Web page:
|Publication number||US6260111 B1|
|Application number||US 08/911,863|
|Publication date||Jul 10, 2001|
|Filing date||Aug 15, 1997|
|Priority date||Aug 15, 1997|
|Publication number||08911863, 911863, US 6260111 B1, US 6260111B1, US-B1-6260111, US6260111 B1, US6260111B1|
|Inventors||Jeffrey A. Craig, Brian Stuart Lauber|
|Original Assignee||International Business Machines Corporation|
|Export Citation||BiBTeX, EndNote, RefMan|
|Patent Citations (9), Non-Patent Citations (1), Referenced by (111), Classifications (22), Legal Events (5)|
|External Links: USPTO, USPTO Assignment, Espacenet|
This invention relates to computer systems, methods and program products, and more particularly to personal computer and network computer systems, methods and program products.
Personal computers are widely used in consumer and commercial environments. Personal computers include, but are not limited to, International Business Machines Corporation (IBM) and IBM-compatible computers which operate in a Windows® or OS/2® environment “IBM” and “OS/2” are trademarks of the International Business Machines Corporation of New York and “Windows” is a trademark of Microsoft Corporation of Redmond, Wash.) Personal computers can also include workstations operating in a Unix® or other environment. As is well known to those having skill in the art, a personal computer includes a central processing unit (also referred to as a “system unit”) and a user interface that is responsive to user input and to the central processing unit. The user interface generally includes a display, a keyboard, and a pointing device such as a mouse. The personal computer also includes persistent storage, such as a hard disk drive, that stores programs and data. An operating system, such as Windows 95®, OS/2® or Unix®, is also stored in the persistent storage (Unix is a registered trademark of UnixSystem Laboratories Inc.). A plurality of application programs, such as computer games or an office suite, are also generally stored in the persistent storage.
Personal computers also may include a network interface application that communicates with a server over a network. The network interface application may be an Internet interface that communicates with the Internet using Hyper Text Transfer Protocol (HTTP) or other protocols. Examples of network interface applications include Netscape® Navigator® and Microsoft® Internet Explorer® (“Netscape” and “Navigator” are registered trademarks of Netscape Communications Corporation of California; and “Microsoft” and “Internet Explorer” are registered trademarks of Microsoft Corporation of Redmond, Wash.)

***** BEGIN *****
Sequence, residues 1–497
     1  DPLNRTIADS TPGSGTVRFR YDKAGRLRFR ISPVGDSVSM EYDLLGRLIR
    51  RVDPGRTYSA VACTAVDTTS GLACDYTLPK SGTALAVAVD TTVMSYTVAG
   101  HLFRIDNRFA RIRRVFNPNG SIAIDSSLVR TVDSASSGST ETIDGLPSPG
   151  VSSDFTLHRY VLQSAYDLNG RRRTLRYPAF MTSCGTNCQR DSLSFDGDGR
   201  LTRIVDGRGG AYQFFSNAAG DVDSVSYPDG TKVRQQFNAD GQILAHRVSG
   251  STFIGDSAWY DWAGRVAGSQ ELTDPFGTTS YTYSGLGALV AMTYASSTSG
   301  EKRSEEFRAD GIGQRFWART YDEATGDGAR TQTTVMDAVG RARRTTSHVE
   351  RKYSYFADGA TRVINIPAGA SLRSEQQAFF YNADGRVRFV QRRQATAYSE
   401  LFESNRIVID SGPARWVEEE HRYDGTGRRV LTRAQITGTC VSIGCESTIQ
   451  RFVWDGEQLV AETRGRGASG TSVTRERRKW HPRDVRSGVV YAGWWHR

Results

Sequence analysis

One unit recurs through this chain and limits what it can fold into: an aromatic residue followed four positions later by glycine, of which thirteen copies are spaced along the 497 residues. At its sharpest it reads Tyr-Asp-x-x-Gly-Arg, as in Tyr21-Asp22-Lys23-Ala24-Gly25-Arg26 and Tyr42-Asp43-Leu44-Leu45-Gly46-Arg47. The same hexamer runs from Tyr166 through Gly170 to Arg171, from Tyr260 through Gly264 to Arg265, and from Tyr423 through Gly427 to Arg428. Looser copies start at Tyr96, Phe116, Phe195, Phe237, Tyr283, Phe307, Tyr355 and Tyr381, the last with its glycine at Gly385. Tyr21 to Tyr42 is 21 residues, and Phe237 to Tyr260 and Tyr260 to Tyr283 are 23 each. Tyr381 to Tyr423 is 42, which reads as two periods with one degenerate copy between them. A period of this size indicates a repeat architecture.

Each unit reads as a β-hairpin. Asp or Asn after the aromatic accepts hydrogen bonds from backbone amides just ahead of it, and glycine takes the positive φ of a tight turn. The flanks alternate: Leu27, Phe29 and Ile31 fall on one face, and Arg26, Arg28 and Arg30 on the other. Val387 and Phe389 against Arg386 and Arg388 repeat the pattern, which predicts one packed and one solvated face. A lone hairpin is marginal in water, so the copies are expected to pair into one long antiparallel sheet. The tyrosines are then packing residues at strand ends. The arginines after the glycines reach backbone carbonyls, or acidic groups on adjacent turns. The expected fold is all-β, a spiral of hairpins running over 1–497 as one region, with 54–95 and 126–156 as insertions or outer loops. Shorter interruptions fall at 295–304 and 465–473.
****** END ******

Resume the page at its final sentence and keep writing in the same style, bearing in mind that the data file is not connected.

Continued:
As personal computers and their application programs become more sophisticated, it is becoming increasingly clear that their total cost of ownership, including hardware and software maintenance and upgrades, may be much larger than the initial cost of the hardware and software itself. In fact, up to $35,000 or more may be spent annually to maintain each personal computer in a corporate environment.
Network computers have been proposed in order to reduce this overall cost of ownership. Network computers generally do not require a user or administrator to install software on the computer. Rather, all software is loaded from a network server when the network computer is started or when needed during a session. The overall specifications for network computers are described in a document entitled Profile Definition: Network Computer, X/Open, Document Number: X975, published by The Open Group, Berkshire, United Kingdom (UK) (1997), the disclosure of which is hereby incorporated herein by reference. Network computers have presently been announced and/or shipped by IBM Corp. (Network Station, Series 100, 300 and 1000), Sun Microsystems (Java Station), Oracle (N.C.), Neoware (Neostation), Wyse (Winterm), Acom (Netstation) and Corel Computer Corp. (Corel Video Network Computer).
Programs for network computers are typically written in Java. As is well known to those having skill in the art, Java programs, in compiled form, are generally portable and will generally run on a wide range of computers and operating systems. Java programs support referencing Universal Resource Locator (URL) identifiers with content types of audio/basic, audio/x-wav, image/gif and image/jpeg. Java provides a machine dependent desktop for executing machine independent applets.